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Niels Lesniewski covers the Senate for Roll Call. He joined what is now CQ Roll Call in September 2007, hired by Roll Call for the GalleryWatch legislative tracking service that was integrated into CQ in 2009. He is known for his expertise on the peculiarities of Senate procedure.
Niels began covering the Senate for CQ in January 2010, taking the title of CQ SenateWatch editor in the summer of 2011. He has contributed to coverage of all the biggest policy stories on Capitol Hill in recent years, including the response to the 2008 financial collapse, the health care overhaul and several budget standoffs.
A Connecticut native, Niels graduated from Hamilton College in New York with a dual degree in theatre and government. Before joining CQ Roll Call, he worked for theater productions in D.C. and New England. While in college, he interned for ABC's "This Week with George Stephanopoulos." Outside of work, Niels is an avid sports fan. He started attending Nationals games back when the team was among the worst in the National League and still playing at RFK Stadium.
Sen. Ted Cruz’s political operation appears to be strongly encouraging attendance by the media at an event in Lynchburg, Va., Monday for what’s being billed as “an important speech.”
Updated 7:03 p.m. | The Senate Budget Committee’s agreed to boost funding in the budget plan for defense for the next fiscal year by $38 billion.
Just days before a deadline for an update on a potential announcement of a nuclear agreement with Iran, one Republican senator likely to run for president is renewing a sanctions push.
Sen. Amy Klobuchar’s office has conceded that a Democratic staffer was aware of the contested language in a bipartisan bill to combat sex trafficking that’s been stuck on the Senate floor.
Just as Budget Chairman Michael B. Enzi of Wyoming was unveiling the Senate’s fiscal 2016 budget blueprint, a fellow Republican on the committee was announcing plans to try to increase the allowed defense spending.
Senate Minority Leader Harry Reid thanked Sen. Rand Paul Wednesday for his medical advice about the ongoing recovery from the New Year’s Day accident that caused serious eye damage.
Senate Minority Leader Harry Reid thanked Sen. Rand Paul Wednesday for his medical advice about his ongoing recovery from the New Year’s Day accident that caused serious eye damage.
The public expression of gratitude from Reid came on the Senate floor, while the Kentucky Republican and prospective presidential candidate was presiding over the chamber. The Nevada Democrat recalled for those watching the well-documented exercise accident that led to the significant facial and eye injuries that have forced Reid to don sunglasses often in the aftermath.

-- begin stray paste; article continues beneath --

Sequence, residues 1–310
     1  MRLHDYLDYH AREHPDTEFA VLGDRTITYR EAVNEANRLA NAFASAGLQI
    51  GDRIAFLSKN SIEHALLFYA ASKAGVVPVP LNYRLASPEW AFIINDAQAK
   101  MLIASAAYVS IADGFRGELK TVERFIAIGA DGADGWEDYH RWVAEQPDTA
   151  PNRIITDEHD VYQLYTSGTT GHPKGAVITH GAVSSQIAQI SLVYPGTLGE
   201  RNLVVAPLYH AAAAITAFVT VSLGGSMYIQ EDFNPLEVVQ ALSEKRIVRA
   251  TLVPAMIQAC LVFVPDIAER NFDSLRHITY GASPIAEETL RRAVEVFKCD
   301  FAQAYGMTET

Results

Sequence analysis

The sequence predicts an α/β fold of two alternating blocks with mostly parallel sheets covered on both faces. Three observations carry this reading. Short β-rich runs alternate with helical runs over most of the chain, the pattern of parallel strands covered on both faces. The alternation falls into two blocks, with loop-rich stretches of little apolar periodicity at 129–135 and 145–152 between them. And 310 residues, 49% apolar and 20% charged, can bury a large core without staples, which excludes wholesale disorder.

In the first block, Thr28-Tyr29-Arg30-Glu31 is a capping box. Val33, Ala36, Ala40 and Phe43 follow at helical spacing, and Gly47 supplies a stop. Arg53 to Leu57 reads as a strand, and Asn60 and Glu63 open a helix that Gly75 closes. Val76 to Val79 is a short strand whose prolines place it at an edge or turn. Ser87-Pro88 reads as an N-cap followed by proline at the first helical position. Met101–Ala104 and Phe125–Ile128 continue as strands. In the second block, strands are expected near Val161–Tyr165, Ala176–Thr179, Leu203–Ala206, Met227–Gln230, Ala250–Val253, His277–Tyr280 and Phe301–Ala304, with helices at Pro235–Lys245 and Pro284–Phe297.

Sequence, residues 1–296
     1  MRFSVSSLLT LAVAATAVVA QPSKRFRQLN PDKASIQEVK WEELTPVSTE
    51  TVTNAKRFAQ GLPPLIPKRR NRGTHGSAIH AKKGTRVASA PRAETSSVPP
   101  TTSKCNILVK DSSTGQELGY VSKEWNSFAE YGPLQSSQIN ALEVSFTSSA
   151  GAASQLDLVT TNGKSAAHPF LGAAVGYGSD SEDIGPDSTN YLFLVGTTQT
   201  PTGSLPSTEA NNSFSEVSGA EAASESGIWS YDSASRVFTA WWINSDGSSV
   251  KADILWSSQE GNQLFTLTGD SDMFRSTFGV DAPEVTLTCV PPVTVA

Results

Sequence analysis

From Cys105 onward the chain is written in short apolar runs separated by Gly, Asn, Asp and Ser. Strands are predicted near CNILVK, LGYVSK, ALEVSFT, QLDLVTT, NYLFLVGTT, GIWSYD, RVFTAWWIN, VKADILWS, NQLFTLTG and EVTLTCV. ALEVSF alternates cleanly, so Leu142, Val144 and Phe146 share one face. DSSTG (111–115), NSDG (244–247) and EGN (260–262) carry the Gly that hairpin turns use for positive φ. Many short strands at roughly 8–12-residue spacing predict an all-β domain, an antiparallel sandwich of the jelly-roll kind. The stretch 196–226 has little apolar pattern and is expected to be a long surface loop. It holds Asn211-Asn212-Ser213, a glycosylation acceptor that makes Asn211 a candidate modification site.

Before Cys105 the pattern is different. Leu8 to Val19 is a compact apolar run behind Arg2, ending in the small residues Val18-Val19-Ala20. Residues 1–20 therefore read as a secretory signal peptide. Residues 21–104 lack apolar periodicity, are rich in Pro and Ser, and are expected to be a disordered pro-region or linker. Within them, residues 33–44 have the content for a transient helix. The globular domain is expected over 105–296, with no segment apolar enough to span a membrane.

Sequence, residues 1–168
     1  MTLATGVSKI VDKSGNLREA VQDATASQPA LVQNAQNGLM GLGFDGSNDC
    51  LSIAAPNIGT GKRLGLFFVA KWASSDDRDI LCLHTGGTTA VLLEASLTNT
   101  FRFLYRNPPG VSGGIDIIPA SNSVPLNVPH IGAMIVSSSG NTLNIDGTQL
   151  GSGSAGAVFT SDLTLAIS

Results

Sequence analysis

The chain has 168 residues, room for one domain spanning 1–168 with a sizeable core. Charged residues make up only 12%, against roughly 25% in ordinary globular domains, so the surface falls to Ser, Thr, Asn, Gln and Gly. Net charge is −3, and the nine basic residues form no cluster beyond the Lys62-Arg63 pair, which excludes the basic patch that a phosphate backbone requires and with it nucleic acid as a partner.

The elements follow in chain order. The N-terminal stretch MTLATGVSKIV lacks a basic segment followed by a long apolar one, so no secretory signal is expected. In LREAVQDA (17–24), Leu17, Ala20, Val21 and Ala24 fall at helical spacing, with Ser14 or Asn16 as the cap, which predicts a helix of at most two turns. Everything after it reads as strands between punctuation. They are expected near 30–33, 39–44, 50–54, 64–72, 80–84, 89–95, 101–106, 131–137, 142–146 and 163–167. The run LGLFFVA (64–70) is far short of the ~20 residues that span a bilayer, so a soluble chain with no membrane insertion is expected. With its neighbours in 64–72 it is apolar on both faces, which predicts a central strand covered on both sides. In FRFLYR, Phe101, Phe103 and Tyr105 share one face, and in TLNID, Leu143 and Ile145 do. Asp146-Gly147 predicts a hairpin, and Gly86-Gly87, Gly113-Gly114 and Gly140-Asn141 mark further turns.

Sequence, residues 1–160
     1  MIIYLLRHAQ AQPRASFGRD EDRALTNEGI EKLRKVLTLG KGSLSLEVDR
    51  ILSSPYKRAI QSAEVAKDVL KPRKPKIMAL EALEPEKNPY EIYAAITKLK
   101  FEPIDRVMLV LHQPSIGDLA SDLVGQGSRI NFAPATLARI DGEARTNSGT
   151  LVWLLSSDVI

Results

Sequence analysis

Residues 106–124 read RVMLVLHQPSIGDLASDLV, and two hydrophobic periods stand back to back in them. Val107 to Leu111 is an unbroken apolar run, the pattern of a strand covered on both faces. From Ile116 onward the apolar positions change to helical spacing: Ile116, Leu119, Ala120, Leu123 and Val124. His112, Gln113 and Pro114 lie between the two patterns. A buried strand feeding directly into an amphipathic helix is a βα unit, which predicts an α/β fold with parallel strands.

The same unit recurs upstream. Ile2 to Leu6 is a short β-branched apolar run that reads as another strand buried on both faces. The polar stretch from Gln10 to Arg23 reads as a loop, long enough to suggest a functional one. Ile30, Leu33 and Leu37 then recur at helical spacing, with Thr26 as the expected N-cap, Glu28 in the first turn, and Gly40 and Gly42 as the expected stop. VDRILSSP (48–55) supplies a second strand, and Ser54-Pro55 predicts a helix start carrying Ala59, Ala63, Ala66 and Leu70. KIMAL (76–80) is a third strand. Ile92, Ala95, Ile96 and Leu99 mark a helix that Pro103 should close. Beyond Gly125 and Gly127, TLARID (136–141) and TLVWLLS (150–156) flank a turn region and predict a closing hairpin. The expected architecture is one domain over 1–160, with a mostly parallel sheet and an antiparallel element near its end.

“During this period of time, the presiding officer, who by the way is a medical doctor, an ophthalmologist, has been so kind and thoughtful and considerate in visiting with me, giving me encouragement and some expert advice as to what he’s seen in the past,” Reid said.
Senate Republicans continued to rail on Democrats for holding up human trafficking legislation at their weekly news conference Tuesday, after the Senate earlier in the day failed to invoke cloture to limit debate on the measure.
“Here’s what I really think: Harry Reid and his Democratic colleagues don’t like to vote on issues,” Sen. Roger Wicker said. "This was true in the last term of Congress, and Harry Reid led his caucus off the cliff in so doing. What do you do if you’re in the minority and you still don’t want to take votes? You can’t fill up the amendment tree because you’re no longer in the majority.”
With the Senate deadlocked over an anti-human trafficking bill and a confirmation vote for attorney general nominee Loretta Lynch, Democrats again hammered Republicans at their weekly news conference Tuesday for their inability to govern.
“Hello our Republican friends: You’re in the majority — they still think they’re in the minority,” Sen. Charles E. Schumer said. “They’re putting their own poison pills in their own bill. It’s time to start governing.”